4. In-Person, On-Site Kickoff Meetings

With the clearest possible directions, contractors’ jobs should go a lot smoother. Kickoff meetings with contractors that are in person and on site are important so that the site civil engineer can go through the construction documents before construction begins. Contractors can get all their questions answered and the entire team can head into the construction phase with confidence.

My colleague Ben Plumb, Project Manager in New York, said, “It’s much better to have these discussions during the kickoff meetings, rather than halfway through construction, when not having information may be detrimental to making quick progress.”

SEE RELATED: Unlock Unrealized Opportunity – Your GC May Hold the Key

5. In-Depth Local Knowledge

Having extensive knowledge and understanding about your jurisdiction’s process can play a critical role in streamlining construction and permits. Additionally, having trusted local relationships – such as with building inspectors, engineering departments, local municipalities and counties, and public transport – especially in some of the harder-to-develop areas in the country, means we can rely on local expertise.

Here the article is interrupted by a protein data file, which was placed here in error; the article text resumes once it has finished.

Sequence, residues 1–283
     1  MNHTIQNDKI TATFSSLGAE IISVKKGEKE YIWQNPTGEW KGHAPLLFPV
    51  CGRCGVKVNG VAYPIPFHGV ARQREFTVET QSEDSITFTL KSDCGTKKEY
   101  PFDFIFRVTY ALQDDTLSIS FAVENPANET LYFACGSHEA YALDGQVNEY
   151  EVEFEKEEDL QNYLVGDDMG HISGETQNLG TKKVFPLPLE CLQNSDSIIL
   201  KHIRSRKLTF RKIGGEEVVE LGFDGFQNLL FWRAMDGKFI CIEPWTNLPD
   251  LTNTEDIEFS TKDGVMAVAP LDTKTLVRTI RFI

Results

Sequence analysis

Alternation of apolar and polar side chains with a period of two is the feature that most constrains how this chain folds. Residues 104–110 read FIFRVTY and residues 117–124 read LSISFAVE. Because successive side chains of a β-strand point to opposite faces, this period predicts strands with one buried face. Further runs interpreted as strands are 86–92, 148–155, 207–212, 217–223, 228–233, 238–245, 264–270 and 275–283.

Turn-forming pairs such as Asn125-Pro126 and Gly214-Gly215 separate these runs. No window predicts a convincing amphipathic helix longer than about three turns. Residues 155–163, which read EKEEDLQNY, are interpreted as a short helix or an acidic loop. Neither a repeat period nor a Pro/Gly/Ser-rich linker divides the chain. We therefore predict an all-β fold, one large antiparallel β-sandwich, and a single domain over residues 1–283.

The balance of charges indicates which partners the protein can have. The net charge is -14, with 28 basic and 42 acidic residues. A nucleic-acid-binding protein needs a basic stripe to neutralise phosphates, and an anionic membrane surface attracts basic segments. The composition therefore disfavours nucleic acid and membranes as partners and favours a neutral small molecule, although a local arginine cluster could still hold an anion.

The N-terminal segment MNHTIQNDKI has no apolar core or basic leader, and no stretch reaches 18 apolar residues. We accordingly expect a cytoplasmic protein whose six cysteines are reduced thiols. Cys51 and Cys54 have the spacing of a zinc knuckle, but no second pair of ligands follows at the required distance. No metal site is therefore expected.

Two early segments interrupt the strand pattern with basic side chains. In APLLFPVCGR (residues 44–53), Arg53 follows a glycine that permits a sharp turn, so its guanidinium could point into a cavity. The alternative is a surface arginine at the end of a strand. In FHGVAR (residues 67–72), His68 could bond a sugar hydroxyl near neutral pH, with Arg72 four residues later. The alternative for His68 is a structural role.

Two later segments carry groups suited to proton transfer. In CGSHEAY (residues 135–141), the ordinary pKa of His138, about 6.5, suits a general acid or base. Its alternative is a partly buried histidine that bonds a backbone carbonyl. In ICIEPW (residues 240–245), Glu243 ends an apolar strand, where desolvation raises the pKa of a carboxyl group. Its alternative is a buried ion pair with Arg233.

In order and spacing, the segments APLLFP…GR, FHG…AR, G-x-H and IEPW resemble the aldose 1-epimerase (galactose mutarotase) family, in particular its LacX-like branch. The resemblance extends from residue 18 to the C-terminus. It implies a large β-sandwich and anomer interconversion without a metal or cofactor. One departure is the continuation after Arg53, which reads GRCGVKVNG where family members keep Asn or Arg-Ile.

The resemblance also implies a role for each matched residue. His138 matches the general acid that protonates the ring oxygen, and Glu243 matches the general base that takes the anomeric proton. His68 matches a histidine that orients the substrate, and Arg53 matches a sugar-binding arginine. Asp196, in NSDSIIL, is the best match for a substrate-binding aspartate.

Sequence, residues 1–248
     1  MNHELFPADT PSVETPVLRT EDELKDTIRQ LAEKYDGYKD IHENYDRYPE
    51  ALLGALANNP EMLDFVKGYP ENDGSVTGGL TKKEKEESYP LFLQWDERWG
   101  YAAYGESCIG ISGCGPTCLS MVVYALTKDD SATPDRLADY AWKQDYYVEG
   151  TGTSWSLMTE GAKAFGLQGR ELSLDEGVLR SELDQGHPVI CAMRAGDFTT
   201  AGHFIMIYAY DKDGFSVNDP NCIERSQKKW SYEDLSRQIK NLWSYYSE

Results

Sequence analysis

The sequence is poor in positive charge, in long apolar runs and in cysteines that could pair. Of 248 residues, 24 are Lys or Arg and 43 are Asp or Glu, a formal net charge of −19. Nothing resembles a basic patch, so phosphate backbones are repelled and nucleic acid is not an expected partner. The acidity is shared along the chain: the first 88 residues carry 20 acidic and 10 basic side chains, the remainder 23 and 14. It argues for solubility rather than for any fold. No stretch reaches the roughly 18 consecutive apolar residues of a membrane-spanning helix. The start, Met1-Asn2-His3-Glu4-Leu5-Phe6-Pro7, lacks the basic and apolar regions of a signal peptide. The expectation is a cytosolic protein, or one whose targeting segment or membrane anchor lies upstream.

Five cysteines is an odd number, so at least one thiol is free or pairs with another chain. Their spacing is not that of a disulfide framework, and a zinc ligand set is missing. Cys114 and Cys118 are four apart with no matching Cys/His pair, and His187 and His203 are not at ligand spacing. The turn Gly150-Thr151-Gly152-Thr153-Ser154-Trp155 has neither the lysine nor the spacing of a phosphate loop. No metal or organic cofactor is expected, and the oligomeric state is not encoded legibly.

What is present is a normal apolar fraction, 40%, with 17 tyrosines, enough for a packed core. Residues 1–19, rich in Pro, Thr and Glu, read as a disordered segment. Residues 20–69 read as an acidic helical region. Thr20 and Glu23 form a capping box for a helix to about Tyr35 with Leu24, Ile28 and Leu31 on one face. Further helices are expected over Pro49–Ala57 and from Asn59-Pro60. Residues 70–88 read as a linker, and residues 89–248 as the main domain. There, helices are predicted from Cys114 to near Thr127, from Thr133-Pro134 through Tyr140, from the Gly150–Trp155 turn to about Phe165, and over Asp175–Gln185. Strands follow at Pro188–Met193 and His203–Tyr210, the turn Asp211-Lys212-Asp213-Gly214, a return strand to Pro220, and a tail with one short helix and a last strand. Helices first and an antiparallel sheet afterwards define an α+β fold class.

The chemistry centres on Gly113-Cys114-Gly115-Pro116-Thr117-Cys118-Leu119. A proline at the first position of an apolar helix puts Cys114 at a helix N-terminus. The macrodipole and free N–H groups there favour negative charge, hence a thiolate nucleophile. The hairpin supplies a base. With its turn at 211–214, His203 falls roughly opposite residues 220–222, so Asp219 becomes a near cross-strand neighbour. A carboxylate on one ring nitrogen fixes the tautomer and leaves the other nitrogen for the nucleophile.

At Bohler, we can help ensure we have what the client needs and what the jurisdiction needs through our network of experts in specific industries from various offices.

SEE RELATED: Maintaining Momentum through Permitting and Entitlements

Resolving Difficulties Quickly

Despite all of these efforts to minimize obstacles and streamline construction, unforeseen delays are still sometimes inevitable. But your approach when these things come up matters. Here’s how I recommend to quickly resolve issues:

  • Evaluate timelines to see if redesigning can avoid the area.
  • Try to reuse as many structures as possible.
  • Implement what is already on site.
  • Plan to minimize impact on the contract when ordering new materials.
  • Form a unified approach with the contractor.

If the site civil engineering consultant can form a unified approach to challenges with the contractor, owners and developers can rest assured that the proposed solution is the best one.

My team has found success in using these strategies to minimize interruptions and keep projects moving forward through construction in the fastest way possible.

Read more in this article from REBusinessOnline.

About Keith Simpson, PE
Keith Simpson Herndon Associate

Keith is an Associate and Director of Engineering for Bohler’s Mid-Atlantic division. In this role, he works closely with project managers and site civil design teams across Bohler’s footprint to reinforce standard operating procedures that ensure efficiency, quality, and consistency in our communication and site plan deliverables. In addition, Keith leads Bohler’s Quality Assurance/Quality Control team, which is focused on developing design solutions that improve the constructability of Bohler’s projects and streamline overall timelines.